Parents of premature babies face a unique set of challenges when it comes to caring for their newborns. Premature births, defined as births before the 37th week of pregnancy, can lead to a host of complications and medical issues for both the baby and the parent. To help navigate this difficult journey, Dr. Maham, a consultant neonatologist and pediatrician in Lahore, shares important things that parents of premature babies should know.
First and foremost, communication with the neonatal healthcare team is key. Regular check-ins and open dialogue with your medical team can help you understand your baby’s condition, treatment plan, and progress. Additionally, it’s important to familiarize yourself with the neonatal intensive care unit (NICU) environment, including equipment and protocols, visiting hours, hygiene practices, and policies.
As your baby grows and develops, keep in mind that premature babies may reach developmental milestones at a different pace than their peers. Adjusted age, also known as corrected age, is an important factor to consider when tracking your baby’s progress. While most preemies do catch up to their peers over time, patience is key, and babies who have faced significant medical issues may need more time to hit their milestones.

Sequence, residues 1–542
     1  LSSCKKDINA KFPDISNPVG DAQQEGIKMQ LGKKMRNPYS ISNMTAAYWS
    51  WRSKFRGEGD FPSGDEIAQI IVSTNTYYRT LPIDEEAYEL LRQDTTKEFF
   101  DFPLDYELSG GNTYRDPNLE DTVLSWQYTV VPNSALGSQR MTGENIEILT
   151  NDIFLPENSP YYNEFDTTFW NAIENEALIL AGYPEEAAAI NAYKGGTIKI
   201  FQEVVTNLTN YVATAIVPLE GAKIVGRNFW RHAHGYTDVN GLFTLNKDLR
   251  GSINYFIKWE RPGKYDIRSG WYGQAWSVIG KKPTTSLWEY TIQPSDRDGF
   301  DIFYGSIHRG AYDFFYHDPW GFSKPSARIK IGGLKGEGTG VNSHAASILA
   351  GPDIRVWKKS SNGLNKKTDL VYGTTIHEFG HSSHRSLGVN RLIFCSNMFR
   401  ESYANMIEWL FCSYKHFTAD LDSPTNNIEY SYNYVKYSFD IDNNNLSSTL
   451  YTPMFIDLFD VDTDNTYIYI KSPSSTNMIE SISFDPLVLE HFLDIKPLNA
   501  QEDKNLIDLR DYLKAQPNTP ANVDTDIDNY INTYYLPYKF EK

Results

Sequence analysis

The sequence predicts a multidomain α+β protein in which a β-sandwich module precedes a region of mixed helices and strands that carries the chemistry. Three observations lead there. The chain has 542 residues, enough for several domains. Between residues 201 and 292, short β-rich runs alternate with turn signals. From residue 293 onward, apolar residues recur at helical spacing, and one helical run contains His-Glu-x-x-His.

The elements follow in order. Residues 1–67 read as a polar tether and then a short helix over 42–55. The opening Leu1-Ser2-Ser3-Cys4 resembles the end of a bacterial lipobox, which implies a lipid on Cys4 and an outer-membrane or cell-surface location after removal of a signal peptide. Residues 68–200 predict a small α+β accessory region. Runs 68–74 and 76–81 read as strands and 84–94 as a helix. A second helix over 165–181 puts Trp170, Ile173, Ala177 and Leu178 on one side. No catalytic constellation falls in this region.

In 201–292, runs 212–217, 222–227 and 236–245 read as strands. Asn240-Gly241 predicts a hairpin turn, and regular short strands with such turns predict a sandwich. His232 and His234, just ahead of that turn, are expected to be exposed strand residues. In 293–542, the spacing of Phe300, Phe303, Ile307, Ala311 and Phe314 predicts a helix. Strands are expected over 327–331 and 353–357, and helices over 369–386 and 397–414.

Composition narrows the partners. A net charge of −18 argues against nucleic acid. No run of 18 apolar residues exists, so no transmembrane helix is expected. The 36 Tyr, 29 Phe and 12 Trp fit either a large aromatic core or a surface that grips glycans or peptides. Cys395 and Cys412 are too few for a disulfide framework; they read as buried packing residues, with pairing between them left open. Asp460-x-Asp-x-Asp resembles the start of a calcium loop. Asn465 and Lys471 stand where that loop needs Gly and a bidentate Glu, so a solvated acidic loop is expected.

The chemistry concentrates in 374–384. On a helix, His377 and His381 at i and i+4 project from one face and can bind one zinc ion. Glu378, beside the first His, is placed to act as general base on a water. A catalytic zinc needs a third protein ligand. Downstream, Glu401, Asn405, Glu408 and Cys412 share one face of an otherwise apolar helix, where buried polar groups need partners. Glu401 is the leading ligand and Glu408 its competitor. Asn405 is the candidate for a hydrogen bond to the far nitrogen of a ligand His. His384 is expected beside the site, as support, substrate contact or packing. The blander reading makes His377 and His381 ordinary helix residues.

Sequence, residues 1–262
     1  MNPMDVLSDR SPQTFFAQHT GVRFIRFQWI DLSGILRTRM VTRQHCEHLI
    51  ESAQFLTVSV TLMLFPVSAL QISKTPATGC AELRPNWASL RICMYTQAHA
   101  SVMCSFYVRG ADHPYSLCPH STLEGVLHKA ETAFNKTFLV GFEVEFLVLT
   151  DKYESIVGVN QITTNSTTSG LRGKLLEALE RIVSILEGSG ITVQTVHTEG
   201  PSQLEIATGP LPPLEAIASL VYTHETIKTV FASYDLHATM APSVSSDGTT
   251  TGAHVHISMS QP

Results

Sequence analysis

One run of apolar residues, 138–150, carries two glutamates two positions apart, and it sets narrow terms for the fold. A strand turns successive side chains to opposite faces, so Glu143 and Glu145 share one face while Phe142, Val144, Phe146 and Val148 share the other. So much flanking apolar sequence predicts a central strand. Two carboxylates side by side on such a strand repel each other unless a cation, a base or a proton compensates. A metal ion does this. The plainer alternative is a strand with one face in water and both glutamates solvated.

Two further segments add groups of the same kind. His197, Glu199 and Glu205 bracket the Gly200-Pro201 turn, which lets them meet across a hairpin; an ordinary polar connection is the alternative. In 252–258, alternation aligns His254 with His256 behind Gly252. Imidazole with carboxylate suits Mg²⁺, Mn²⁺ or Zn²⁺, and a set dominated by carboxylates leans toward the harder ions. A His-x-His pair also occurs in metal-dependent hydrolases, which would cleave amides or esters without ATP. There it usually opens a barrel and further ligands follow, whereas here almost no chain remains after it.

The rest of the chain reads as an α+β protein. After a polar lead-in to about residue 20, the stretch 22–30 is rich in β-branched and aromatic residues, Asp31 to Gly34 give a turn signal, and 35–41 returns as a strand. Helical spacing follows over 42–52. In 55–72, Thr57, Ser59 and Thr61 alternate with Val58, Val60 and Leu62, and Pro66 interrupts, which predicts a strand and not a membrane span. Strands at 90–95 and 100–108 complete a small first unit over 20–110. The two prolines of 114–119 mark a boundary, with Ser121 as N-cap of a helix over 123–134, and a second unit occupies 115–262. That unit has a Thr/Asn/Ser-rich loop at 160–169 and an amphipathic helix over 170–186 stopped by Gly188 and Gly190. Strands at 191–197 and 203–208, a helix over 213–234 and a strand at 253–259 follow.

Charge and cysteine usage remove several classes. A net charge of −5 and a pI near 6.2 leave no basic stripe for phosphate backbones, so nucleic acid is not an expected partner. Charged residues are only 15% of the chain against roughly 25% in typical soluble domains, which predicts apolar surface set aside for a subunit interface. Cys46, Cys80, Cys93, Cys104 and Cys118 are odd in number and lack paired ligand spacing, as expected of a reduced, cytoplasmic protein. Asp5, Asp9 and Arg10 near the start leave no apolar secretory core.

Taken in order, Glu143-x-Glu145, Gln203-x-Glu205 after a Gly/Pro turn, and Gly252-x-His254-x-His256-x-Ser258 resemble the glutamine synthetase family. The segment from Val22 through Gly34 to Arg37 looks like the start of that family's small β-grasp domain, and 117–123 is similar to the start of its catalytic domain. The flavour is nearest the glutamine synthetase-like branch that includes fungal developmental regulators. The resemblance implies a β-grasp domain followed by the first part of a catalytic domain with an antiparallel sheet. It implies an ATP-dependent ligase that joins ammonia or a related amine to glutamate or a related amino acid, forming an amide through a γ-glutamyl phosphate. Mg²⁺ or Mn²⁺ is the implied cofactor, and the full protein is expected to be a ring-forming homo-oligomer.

Establishing oral feeds can be a challenge for premature babies, who are typically fed through tubes until they reach 33–34 weeks old. Early oral feeding and direct breastfeeding can be achieved through practices like promoter stimulation exercises, non-nutritive sucking, and skin-to-skin contact. And when it comes to infection prevention, practicing good hygiene precautions is crucial.
Kangaroo care, which involves holding your baby in skin-to-skin contact for at least one hour per day, has been shown to have numerous health benefits for both babies and parents. Additionally, keeping your baby warm by maintaining a room temperature above 26 degrees Celsius can be achieved through practices like kangaroo care, swaddling, and delaying bathing until the baby reaches 2 kg.
Mothers should strive to feed their babies exclusive breast milk whenever possible, as it has surplus health benefits. Human milk fortifiers can help with faster weight gain in babies below 1.5–1.8 kg of weight. Multinutrient supplementation, including vitamin D, calcium, iron, and other multivitamins, is also imperative.
All premature babies should undergo age-appropriate screening tests, including brain ultrasounds, hearing screenings, screening for retinopathy of prematurity to prevent blindness, thyroid screening, and screening for jaundice. Regular follow-up care after your baby is discharged is crucial to monitor their growth and neurological development.
Finally, it’s important to celebrate every milestone, no matter how small. Premature babies may progress at their own pace, and each achievement is significant. Remember that while the journey with a premature baby can be challenging, knowledge, support, and collaboration with healthcare professionals can help you provide the best care for your little one.